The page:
Indeed, apart from the systems and procedures used to ensure the cleanliness of the ship’s tanks, the rest of the carriage and storage process seems to be fairly casual. The products are loaded into the ships and discharged onto the rigs via hoses which are used for all the drilling fluids. On the rigs the mud pits are fitted with primitive mixing systems and are usually alarmingly rusty. Cleaning of the pits used to be achieved by the simple process of opening a valve in the bottom and sending a guy in with a hose, but of course environmental legislation in the UK now prevents this, and so the guy may still be sent in with the hose, but the resulting liquid is pumped into an attendant vessel which must then transport the stuff back to the beach and by some means end up with clean tanks.

 Even the cleaning systems designed to cycle the product are challenged by this requirement which necessitates that they are run for extended periods. Harrisons (Clyde) whose Vik Sandvik designed VS483s, Inverforth and Inverclyde, have been using their tank cleaning systems on a regular basis for the last eighteen months, are finding that all the components of the system are beginning to experience wear which may be the result of being required to cycle drill cuttings in addition to the product. They have therefore decided to upgrade the system by replacing all components with stainless steel equipment and by installing dedicated stripping lines.

 Their new tank cleaning machines have been supplied by Marex and are a direct replacement for the old Dasic gunmetal machines. Marex claim that they are unique in that they are the only stainless steel machines in production with enclosed gearboxes and a drive system which ensures that the machine will still be able to cycle mud and its attendant impurities, for extended periods.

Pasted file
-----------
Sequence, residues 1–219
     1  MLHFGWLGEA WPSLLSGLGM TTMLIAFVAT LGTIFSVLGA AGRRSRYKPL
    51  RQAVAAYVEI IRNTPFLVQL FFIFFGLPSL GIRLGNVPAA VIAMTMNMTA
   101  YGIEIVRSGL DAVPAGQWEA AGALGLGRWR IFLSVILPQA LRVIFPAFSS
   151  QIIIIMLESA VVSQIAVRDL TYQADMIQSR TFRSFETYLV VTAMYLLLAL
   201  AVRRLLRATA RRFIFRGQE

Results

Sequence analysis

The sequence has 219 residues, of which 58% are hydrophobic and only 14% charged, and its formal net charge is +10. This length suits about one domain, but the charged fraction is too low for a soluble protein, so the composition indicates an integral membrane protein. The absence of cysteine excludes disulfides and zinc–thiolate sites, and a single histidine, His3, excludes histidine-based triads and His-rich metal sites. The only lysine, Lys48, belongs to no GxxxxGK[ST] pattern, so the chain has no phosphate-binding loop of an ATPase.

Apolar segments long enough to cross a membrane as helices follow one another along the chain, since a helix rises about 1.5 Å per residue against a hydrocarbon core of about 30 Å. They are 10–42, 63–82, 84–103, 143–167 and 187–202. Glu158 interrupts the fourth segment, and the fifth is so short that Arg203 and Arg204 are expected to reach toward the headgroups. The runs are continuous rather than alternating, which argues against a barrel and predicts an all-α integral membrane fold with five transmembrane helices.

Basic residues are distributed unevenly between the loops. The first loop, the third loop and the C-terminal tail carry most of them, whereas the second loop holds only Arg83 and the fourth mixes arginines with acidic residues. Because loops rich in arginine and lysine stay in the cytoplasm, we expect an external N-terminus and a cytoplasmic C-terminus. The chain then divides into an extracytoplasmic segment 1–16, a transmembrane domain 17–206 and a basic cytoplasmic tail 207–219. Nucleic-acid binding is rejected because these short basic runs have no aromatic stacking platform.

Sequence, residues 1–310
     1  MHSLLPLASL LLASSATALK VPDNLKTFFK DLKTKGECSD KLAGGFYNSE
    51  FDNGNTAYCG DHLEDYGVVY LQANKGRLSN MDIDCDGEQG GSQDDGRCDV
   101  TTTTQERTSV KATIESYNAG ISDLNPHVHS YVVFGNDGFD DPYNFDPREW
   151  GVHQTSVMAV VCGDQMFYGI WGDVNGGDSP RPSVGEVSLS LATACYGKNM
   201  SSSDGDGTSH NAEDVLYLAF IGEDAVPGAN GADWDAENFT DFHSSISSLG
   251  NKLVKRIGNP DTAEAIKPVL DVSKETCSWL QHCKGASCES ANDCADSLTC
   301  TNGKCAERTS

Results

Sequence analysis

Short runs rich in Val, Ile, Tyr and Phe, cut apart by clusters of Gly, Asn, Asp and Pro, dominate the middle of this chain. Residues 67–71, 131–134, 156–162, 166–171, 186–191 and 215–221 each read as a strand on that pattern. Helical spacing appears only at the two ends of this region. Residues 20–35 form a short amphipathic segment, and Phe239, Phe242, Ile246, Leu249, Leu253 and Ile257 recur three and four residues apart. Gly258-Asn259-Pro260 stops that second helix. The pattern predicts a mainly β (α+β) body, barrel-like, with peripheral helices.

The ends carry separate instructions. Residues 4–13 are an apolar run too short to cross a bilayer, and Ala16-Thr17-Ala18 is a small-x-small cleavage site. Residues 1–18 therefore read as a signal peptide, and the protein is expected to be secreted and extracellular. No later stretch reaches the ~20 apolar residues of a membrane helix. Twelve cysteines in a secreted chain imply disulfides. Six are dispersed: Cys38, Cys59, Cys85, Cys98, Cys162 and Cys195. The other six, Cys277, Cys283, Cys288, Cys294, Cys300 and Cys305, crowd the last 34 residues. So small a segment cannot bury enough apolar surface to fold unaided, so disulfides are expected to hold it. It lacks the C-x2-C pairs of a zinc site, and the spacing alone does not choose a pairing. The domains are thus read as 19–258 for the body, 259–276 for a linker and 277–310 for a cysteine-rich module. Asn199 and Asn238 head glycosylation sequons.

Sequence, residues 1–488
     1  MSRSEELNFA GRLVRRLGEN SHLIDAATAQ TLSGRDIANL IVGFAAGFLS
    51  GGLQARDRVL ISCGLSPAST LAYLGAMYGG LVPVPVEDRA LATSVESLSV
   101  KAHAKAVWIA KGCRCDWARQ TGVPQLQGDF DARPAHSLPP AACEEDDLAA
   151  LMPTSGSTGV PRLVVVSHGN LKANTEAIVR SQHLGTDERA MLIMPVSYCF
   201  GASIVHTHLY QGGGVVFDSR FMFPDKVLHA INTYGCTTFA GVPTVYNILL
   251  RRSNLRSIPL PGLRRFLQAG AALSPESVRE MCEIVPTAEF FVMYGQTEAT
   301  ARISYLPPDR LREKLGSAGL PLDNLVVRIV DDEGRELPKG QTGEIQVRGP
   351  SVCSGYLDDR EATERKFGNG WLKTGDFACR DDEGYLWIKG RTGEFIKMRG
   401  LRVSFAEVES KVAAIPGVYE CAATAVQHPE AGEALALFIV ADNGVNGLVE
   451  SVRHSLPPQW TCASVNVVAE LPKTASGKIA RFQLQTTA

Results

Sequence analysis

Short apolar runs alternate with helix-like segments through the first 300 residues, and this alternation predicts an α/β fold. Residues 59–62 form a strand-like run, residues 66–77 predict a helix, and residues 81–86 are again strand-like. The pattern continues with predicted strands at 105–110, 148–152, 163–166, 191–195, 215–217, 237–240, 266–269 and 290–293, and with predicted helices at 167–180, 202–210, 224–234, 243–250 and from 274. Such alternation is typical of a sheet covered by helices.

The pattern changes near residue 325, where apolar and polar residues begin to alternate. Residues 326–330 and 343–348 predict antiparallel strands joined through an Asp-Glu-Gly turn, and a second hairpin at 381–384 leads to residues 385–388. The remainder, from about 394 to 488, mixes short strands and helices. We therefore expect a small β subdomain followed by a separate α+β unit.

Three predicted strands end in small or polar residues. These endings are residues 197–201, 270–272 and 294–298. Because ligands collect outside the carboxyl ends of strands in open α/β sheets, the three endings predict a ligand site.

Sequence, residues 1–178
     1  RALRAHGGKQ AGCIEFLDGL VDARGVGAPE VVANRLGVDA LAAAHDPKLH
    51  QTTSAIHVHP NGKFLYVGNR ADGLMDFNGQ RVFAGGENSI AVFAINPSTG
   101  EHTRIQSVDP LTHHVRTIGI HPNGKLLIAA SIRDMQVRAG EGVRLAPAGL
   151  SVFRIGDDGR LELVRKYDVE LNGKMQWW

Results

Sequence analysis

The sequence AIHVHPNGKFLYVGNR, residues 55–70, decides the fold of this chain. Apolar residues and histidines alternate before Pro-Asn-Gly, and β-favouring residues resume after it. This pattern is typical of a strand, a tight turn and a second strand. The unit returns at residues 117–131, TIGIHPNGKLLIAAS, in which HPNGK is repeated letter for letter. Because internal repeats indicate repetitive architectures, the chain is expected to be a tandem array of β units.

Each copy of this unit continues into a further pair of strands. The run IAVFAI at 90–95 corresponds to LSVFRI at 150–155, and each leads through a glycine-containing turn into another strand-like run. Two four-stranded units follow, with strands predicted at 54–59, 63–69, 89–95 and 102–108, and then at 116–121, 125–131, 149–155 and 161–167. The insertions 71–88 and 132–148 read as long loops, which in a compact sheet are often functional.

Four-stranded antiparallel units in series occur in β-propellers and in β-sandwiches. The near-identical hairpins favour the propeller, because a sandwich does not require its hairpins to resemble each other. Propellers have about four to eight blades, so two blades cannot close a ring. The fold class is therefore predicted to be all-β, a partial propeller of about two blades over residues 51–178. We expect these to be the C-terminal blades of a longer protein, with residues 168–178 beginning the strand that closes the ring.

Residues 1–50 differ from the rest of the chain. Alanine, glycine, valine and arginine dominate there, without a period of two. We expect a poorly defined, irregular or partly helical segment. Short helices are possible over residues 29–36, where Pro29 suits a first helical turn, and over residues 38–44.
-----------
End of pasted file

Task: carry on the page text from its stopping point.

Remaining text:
One would think that the place to install tank cleaning systems would be on board the rigs, which is where the drilling fluid ends up, and at risk of boring those who don’t know what the stuff is for - and if you aren’t a driller why should you - here is a short explanation. Mud, oil based, water based or synthetic is pumped down the centre of the drill string, picks up the drill cuttings at the bottom of the hole and is returned to the mud pits of the oil rig, via the shakers, which remove most of the bits of rock, shingle and shale. Its specific gravity is raised by mixing the liquid with a solid, usually the mineral baryte, which until the oil industry discovered it was used as a lining for ponds. The baryte is introduced to add weight to a point where the well designers believe that any pressure in the substrata will be controlled by the mud column. Hence any fallout during transportation is bad news – because more baryte must be added on the rig.